This attractive sculpture of a seated man comes from the Mexican state of Nayarit, located on the Pacific coast, and depicts a man seated with crossed legs, an elaborate tunic and various other adornments, with arms that were once presumably splayed in greeting or other sentiment. The modelling is typically Nayarit but differs from the Chinesco style in possessing comparatively true-to-life features that do not have a reductive look, and also while small, the limbs are not vestigial. The arms stem from well-shaped shoulders, but have been damaged since manufacture. The legs are disproportionately small and crossed under the tunic. The head is large and well-styled, with a hooked nose, a small, smiling mouth, a rounded chin and painted eyes under lightly modelled brows. The shape of the head is unusual, until one recollects the Mexican habit of skull binding – deliberately deforming the skulls of subadults using a system of harnesses and bandages to produce a flattened profile. Although little is known of Nayarit social systematics, other cultures tended to reserve this treatment for social elites, and it is a reasonable assumption to consider that the Nayarit did likewise. This is substantiated by the ornate ear decorations and, especially, by the highly complex banded tunic that is far beyond the vast majority of known Nayarit examples.
The Nayarit culture pertains to a group of archaeological cultures – known almost purely from their artworks – referred to as the Western Mexico Shaft Tomb tradition. All of the cultures encompassed under this nomenclature were in the habit of burying their dead in socially-stratified burial chambers at the base of deep shafts, which were in turn often topped by buildings. Originally believed to be influenced by the Tarascan people, who were contemporaries of the Aztecs, thermoluminescence has pushed back the dates of these groups over 1000 years. Although the apogee of this tradition was reached in the last centuries of the 1st millennium BC, it has its origins over 1000 years earlier at sites such as Huitzilapa and Teuchitlan, in the Jalisco region. Little is known of the cultures themselves, although preliminary data seems to suggest that they were sedentary agriculturists with social systems not dissimilar to chiefdoms. These cultures are especially interesting to students of Mesoamerican history as they seem to have been to a large extent outside the ebb and flow of more aggressive cultures – such as the Toltecs, Olmecs and Maya – in the same vicinity. Thus insulated from the perils of urbanisation, it behoves us to learn what we can from what they have let behind, and of these remains, it is perhaps the art that is the most informative.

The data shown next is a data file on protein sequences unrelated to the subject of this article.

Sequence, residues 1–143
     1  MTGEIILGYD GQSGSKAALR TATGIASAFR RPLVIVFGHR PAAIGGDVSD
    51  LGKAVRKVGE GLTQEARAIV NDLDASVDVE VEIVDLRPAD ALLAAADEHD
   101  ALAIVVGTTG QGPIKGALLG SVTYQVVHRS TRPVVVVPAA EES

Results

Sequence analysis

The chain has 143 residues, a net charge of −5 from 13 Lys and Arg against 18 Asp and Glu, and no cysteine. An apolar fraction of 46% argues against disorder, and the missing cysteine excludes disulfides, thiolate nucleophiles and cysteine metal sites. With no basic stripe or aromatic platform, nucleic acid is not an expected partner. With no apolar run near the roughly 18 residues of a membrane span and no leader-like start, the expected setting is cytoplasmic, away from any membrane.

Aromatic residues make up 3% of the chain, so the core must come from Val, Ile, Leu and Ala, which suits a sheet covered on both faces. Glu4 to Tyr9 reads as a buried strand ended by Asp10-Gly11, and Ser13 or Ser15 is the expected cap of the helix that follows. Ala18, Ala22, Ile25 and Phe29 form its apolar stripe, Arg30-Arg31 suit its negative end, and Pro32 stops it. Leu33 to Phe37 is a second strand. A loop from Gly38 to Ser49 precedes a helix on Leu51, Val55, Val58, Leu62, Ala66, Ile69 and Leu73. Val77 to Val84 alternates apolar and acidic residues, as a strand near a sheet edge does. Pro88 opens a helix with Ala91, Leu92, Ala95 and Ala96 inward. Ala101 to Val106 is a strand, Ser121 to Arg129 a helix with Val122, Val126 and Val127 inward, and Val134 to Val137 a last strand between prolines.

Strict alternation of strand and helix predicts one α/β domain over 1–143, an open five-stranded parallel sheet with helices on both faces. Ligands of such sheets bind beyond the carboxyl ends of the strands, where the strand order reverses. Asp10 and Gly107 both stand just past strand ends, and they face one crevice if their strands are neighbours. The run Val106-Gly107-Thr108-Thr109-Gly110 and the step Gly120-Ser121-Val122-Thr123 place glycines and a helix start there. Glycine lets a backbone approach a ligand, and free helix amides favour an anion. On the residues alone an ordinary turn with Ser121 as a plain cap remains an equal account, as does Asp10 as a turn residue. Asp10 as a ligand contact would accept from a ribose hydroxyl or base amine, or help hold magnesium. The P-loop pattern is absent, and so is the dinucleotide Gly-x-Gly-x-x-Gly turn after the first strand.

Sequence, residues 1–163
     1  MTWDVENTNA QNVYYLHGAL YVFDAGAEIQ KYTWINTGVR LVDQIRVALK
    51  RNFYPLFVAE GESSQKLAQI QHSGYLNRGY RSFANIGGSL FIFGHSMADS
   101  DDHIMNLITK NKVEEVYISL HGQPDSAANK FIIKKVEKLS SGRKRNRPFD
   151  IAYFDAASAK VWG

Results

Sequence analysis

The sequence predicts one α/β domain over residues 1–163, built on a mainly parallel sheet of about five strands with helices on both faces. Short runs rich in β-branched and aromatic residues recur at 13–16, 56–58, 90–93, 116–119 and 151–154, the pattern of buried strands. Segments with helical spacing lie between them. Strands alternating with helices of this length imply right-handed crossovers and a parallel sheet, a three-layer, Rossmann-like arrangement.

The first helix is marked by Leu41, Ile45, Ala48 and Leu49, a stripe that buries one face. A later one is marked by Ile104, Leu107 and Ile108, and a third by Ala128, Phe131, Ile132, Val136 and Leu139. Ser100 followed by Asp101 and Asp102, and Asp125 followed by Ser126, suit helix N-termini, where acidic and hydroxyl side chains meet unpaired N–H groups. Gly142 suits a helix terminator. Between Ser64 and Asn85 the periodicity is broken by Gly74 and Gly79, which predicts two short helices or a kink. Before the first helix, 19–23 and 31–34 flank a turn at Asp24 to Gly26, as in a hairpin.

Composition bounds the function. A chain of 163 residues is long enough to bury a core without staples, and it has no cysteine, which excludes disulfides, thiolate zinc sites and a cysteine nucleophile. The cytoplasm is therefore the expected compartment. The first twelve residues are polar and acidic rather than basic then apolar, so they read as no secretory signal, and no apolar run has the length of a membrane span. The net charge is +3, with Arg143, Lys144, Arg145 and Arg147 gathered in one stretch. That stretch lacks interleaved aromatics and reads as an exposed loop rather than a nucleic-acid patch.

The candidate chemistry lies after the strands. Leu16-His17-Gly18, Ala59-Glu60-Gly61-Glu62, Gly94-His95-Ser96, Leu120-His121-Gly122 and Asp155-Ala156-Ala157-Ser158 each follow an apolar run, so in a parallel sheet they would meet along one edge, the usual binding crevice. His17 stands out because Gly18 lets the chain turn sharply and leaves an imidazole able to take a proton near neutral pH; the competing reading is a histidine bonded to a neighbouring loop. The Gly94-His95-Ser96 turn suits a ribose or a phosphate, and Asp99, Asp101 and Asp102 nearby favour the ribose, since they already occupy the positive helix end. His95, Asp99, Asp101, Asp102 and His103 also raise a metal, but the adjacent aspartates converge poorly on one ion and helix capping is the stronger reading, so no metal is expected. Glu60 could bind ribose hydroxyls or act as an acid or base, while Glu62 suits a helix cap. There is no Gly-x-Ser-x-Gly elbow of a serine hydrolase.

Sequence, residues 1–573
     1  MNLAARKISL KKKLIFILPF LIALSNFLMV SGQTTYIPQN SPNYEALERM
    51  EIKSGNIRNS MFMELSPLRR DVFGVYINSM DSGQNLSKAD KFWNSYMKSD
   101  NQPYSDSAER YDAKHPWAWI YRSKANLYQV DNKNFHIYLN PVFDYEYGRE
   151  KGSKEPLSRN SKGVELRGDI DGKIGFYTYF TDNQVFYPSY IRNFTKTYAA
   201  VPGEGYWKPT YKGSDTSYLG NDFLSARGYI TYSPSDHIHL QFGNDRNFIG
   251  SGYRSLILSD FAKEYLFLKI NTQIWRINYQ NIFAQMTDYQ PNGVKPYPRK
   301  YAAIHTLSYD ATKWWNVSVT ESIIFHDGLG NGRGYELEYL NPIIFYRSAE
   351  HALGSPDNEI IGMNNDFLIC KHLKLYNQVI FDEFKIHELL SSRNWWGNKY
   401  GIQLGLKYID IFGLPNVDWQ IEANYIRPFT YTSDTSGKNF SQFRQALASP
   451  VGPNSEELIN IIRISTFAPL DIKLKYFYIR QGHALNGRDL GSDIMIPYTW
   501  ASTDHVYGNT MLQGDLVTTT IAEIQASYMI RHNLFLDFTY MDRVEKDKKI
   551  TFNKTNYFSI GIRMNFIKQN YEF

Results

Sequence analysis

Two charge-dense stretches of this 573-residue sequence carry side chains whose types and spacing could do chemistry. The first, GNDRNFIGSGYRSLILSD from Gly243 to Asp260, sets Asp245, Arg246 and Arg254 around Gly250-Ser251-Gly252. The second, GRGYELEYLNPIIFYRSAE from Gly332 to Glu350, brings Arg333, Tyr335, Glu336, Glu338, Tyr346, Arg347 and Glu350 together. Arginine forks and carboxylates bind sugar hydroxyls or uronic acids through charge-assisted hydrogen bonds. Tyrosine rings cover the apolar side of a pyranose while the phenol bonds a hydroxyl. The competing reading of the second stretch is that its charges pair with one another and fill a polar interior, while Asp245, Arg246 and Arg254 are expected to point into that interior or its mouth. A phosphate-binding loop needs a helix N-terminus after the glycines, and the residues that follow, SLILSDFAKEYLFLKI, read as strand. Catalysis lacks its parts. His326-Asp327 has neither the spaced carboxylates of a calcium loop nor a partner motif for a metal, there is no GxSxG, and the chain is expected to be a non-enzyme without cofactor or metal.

The most striking works are the ceramics, which were usually placed in graves, and do not seem to have performed any practical function. It is possible that they were designed to depict the deceased – they are often very naturalistic – although it is more probable that they constituted, when in groups, a retinue of companions, protectors and servants for the hereafter. Just as in other sophisticated social systems around the world – such as the Egyptians or Dynastic China – figures were made to represent the sorts of people and resources that might be needed in the hereafter. They were in this sense symbolic of actual people, who were buried with the deceased as retainers in more sanguineous Central and Southern American societies.
Known trends in sculptural theme include representations of ball-players, ancestor pairs, warriors, women (maternity figures) and zoomorphic pieces, although these are much more common in states such as Colima. Styles vary through time, although precise relationships are uncertain. The most realistic is the Ixtlan del Rio style of highly-adorned and accurately-modelled human figures with stylised faces. Nayarit tableaux are also known, constituting groups of abstract and figurative designs apparently intended to be devotional pieces. The best-known style is the Chinesco or Chinesca style, named for their supposedly Chinese appearance – impassive faces, linear eyes – of which there are five claimed types (the validity of the divisions is open to question due to their considerable overlap). Type A is unusual in its realism, while types B-E are more or less abstract, with major interpretation of proportions, limbs and faces.
The role of this piece is uncertain, but the unusual regalia and adornment, along with the pose and deformed skull, might imply that the person portrayed had some sort of ritual status within Nayarit society. It may have been a domestic idol or personal talisman, although a more central social role cannot be ruled out. The sophistication of Nayarit sculptors and their ability to move away from standard figurative concepts is well represented here, and it also constitutes a striking and attractive piece of ancient art that would take a proud position in any collection of ancient Central American art.
- (DK.129 (LSO))